Prudenti coepisse dixisse est

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KsSp

Senior Member
Russian (Moscow dialect) - Russia
The fourth and last sentence for today, from Origen's Homilies on Luke.
'Prudenti coepisse dixisse est; licet et hoc ipsum temerarium sit super tali re in populo coepisse sermonem.'
Here is an attempt to interpret it.
'For a considerate person, to begin means to say. Even starting to explain this to people would be unreasonable.'
Here is the context. Not everyone has his own ruler. For example, an Egyptian person has not a 'personal ruler', but the one who is the ruler of Egypt. And then comes this sentence.
Could you please explain what it could mean?
Phew! Sorry for posting several questions at once. There are not many questions left.
Thank you.
 
  • Scholiast

    Senior Member
    Greetings again.

    'For a person of sense, to begin is to speak—even if this (too) may be over-bold [or 'too hasty'], namely to have begun a discourse over such a matter before the public'.

    I cannot at present explain the logical or linguistic connexion with the discussion of rulers of Egypt or anywhere else; but it may be relevant that the Greek verb ἄρχειν (archein) can mean both 'to begin' and 'to rule'. But I'll think about it some more.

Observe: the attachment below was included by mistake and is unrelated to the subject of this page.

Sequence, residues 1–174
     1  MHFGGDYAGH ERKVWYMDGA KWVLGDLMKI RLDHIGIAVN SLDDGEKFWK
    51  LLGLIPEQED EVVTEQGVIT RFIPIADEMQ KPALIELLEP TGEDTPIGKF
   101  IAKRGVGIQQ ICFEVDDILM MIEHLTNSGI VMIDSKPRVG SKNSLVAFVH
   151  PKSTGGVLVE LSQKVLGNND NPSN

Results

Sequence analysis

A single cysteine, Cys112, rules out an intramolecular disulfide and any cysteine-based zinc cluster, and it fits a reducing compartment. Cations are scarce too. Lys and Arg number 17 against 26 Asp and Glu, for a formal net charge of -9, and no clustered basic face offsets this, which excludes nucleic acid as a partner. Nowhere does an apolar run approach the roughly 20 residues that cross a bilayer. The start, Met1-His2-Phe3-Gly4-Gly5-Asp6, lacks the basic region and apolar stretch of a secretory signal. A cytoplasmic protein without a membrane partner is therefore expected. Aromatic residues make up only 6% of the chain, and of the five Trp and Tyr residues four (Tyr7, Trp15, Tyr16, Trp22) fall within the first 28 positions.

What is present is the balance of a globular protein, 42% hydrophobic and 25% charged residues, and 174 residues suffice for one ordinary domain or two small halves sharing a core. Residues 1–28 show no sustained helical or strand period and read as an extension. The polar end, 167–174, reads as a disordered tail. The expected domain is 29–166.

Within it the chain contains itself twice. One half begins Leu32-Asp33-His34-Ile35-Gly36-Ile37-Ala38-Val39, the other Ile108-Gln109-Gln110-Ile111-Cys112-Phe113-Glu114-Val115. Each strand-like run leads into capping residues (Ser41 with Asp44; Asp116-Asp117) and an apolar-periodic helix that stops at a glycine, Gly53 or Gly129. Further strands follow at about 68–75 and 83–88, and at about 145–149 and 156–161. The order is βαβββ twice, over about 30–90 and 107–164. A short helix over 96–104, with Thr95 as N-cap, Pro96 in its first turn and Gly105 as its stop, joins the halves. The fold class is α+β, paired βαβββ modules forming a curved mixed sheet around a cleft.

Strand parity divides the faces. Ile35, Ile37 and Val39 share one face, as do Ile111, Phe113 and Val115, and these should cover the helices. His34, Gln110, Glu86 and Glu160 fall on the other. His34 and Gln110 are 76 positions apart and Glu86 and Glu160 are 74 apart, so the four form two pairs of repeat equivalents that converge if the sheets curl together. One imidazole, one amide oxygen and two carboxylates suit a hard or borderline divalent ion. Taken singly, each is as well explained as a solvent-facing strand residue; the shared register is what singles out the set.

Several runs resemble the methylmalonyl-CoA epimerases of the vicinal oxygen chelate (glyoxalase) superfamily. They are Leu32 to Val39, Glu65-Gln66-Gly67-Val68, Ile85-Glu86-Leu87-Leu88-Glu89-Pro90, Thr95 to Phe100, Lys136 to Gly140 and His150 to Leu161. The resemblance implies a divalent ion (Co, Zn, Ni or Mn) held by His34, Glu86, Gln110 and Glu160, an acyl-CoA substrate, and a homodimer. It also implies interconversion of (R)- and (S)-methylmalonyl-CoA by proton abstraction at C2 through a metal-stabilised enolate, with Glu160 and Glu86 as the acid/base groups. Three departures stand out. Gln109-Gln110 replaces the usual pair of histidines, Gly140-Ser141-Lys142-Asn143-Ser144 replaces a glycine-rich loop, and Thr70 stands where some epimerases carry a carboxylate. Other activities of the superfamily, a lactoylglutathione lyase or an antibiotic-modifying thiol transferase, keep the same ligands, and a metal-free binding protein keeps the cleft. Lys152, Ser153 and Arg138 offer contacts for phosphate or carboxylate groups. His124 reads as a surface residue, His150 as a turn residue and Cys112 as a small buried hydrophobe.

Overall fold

Σ
     
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    KsSp

    Senior Member
    Russian (Moscow dialect) - Russia
    Thank you, Scholiast! Perhaps, it really could imply such connection, since Origen originally (sorry for the pun) produced it in Greek.
     

    Scholiast

    Senior Member
    saluete, KsSp collectoresque

    I have now checked with LSJ. ἄρχειν/ἄρχεσθαι [archein/archesthai = 'to begin'] is quite common, going right back to Homer (e.g. Odyssey 3.68), in the sense of 'start a speech/discourse/story᾽, but usually with some such word as (τοῦ) λόγου or μύθων. But I can see another possible explanation. As I mentioned in # 2, this verb has the overlapping senses of 'to begin' and 'to rule' or 'govern'. Whether in a secular, political, context or an ecclesiastical, public speaking was proportionally more important than written communication for those in positions of responsible leadership and authority (in contrast with today's habits), though naturally ancient Christianity inherited from Judaism the concept, and the texts, of Holy Scripture, which is alien to pre-Christian Graeco-Roman habits of thought, though of course eloquence and rhetoric were certainly not.

    I hope this goes some way towards illuminating the Origen passage.

    Σ

    Edit: the connexion between 'to rule' and 'to begin' is that the primary sense seems to be 'to go/be in front', 'be first [to do something]'. As in the English idiom, 'to lead off'. I have only realised this today.
     
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    KsSp

    Senior Member
    Russian (Moscow dialect) - Russia
    Thank you, Scholiast. This mixture of Latin and Greek subtle references combined with the need for knowledge of cultural peculiarities makes the project even more challenging, so having a person specialising in these things and willing to help is highly appreciated!
     
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